The intent of section 302 of the Contribution Act (Ill. Rev. Stat. 1983, ch. 70, par. 302) is clear. Where an alleged joint tortfeasor, prior to a judicial determination of his liability, in good faith settles the claim against him, he is discharged from further liability in a contribution action. We note, however, that at the time the Lions Club filed its third-party action for contribution against Look, they allege they did so without notice of plaintiff's covenant not to sue Look. Thereafter, the court found that the covenant was made in good faith and dismissed the Lions Club action with prejudice. Prior to its ruling, the court was not advised that all payments to plaintiff were made under her own insurance policy or that plaintiff was claiming permanent injury. No hearing in the trial court was held, therefore, specifically on the issue of whether the settlement was entered into in good faith.
We recognize that it would be helpful to determine the issue of good faith of the settlement before the tort action proceeds to trial. That determination would assist the parties both in shaping their trial strategy and in entering into possible further settlement negotiations. Without a determination on the good faith issue, the settling tortfeasor could later be deprived of the benefit of his bargain with plaintiff by being held liable in a contribution action for an amount more than his settlement amount. Since the Lions Club here alleged it was without notice of the covenant not to sue entered into by plaintiff and Look, the issue of good faith was not raised until trial commenced. It is suggested that the provisions of section 2 of the Contribution Act (Ill. Rev. Stat. 1983, ch. 70, par. 302) might be re-examined by the Illinois Legislature as they relate to the question of notice to be given the parties after a settlement has been entered into by an alleged joint tortfeasor and with regard to a pretrial determination of the good-faith issue.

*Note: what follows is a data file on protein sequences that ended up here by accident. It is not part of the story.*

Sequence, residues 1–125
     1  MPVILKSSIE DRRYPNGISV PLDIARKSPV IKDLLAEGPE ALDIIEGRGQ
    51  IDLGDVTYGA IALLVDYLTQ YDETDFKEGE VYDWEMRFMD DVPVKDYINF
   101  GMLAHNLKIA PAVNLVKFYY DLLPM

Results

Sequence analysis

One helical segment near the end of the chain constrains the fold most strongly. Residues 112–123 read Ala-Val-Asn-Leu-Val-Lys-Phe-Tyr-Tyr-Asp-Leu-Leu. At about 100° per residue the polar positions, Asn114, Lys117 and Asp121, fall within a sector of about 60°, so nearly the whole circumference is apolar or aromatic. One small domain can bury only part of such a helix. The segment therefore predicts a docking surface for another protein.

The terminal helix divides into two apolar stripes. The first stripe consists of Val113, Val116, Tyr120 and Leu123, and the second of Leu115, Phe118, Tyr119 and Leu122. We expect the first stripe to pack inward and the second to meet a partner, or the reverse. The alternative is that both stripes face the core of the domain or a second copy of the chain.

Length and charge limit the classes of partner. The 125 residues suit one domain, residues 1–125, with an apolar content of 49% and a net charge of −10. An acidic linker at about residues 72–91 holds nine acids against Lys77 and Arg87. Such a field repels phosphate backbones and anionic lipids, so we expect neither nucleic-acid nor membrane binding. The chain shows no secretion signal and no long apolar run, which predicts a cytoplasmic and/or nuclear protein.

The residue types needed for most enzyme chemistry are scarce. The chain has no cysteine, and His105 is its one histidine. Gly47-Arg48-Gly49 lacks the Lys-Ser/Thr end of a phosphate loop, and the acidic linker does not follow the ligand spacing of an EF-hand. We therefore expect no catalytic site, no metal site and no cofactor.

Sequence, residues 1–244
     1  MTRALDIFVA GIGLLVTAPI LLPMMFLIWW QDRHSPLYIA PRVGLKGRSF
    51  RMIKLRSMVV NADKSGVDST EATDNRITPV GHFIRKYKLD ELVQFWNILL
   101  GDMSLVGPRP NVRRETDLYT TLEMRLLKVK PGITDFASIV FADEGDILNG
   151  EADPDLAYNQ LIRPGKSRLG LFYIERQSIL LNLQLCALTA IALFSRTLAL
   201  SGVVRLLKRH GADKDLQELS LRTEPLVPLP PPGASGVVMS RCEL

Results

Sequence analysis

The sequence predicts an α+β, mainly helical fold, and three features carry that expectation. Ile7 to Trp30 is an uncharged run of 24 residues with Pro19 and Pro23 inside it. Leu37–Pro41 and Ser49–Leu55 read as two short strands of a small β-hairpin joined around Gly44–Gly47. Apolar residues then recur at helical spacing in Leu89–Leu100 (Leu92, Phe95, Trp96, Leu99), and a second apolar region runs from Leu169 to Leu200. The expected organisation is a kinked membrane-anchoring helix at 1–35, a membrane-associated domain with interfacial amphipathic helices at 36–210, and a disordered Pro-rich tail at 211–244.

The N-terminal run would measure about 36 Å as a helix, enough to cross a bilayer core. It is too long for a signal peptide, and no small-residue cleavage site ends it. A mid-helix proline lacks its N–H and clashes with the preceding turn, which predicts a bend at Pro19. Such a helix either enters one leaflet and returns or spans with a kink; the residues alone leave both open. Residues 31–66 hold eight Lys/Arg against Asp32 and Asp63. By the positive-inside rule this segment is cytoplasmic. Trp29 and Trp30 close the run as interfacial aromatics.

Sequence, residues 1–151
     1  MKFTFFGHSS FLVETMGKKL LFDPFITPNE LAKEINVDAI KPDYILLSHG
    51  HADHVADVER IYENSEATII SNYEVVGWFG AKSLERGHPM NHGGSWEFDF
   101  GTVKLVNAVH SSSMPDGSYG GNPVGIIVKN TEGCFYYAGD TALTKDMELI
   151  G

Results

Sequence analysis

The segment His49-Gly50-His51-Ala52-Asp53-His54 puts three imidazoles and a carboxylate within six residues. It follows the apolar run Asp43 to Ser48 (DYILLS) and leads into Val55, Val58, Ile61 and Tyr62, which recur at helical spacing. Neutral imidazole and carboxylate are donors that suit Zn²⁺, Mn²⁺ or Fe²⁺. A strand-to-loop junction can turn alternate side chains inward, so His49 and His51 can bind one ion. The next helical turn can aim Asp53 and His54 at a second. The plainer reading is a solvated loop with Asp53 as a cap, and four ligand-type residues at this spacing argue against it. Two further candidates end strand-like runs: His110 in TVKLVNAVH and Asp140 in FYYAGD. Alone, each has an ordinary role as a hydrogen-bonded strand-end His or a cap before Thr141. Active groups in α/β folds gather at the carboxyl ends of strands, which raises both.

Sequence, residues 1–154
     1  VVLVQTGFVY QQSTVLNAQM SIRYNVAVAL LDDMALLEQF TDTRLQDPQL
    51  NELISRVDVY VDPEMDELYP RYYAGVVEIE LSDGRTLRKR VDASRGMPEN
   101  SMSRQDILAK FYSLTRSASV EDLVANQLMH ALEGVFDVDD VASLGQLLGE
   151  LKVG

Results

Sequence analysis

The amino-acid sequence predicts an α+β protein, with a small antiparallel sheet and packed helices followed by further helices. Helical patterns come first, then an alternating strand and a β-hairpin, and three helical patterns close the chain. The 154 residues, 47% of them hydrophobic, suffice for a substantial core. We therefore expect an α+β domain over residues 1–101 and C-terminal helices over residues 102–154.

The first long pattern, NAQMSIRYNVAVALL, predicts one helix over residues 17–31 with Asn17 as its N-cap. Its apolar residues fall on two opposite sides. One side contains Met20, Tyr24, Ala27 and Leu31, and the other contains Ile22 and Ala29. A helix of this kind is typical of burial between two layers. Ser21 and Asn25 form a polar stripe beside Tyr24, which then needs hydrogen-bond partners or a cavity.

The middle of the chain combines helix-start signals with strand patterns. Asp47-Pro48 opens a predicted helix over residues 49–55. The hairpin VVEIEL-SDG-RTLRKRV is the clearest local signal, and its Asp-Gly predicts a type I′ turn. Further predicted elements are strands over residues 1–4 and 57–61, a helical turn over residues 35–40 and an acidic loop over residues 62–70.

Neither party here has cited, nor has our research revealed, any Illinois case law specifically defining "good faith" under the Illinois Contribution Act. Both parties rely on the California case of River Garden Farms, Inc. v. Superior Court (1972), 26 Cal.App.3d 986, 103 Cal.Rptr. 498. While it was not necessary under the facts of that case for the court to make a determination of a good- or bad-faith settlement, River Garden did address some of the policy issues in interpretation of good- and bad-faith settlements:
"If the good faith clause demands equitable sharing as fixed by a jury verdict which has not yet taken place, the parties cannot negotiate safely, and cannot accomplish settlement with a fair assurance of finality. All involved in the personal injury settlement business are aware of its large imponderables the risk of victory or defeat at the jury's hands, the risk of a high or low verdict, the unknown strengths and weaknesses of defenses, the inexact appraisal of damage elements, the defendant's solvency and the extent of insurance coverage. In advance of a jury verdict, most cases permit only a rough assessment of value. When one tortfeasor chooses to settle and another chooses to litigate, inequality in the ultimate cost does not signalize bad faith.
* * * [T]he good faith clause should not invalidate a settlement within a reasonable range of the settlor's fair share * * *. * * * When testing the good faith of a settlement figure, a court may enlist the guidance of the judge's personal experience * * *. * * * Good or bad faith is a question of fact in each case." 26 Cal.App.3d 986, 997-98, 103 Cal.Rptr. 498, 506-07.
• 4 In the instant case, we conclude that the trial court was within its discretion in finding the settlement to be in good faith. There has been no jury verdict indicating the relative culpability of each tortfeasor. The only evidence presented of Look's relative culpability was the statement by the Lions Club that Look was primarily liable for plaintiff's injuries. The trial court, however, made no finding on the issue, and the record reveals no evidence presented by the Lions Club that the $7,000 settlement figure is not within the range of relative fault attributable to Look. Although the sum paid may be disproportionate to the sum prayed for in the complaint, it is not out of proportion to what the trial court could have considered the probable recovery of plaintiff. The trial court was ...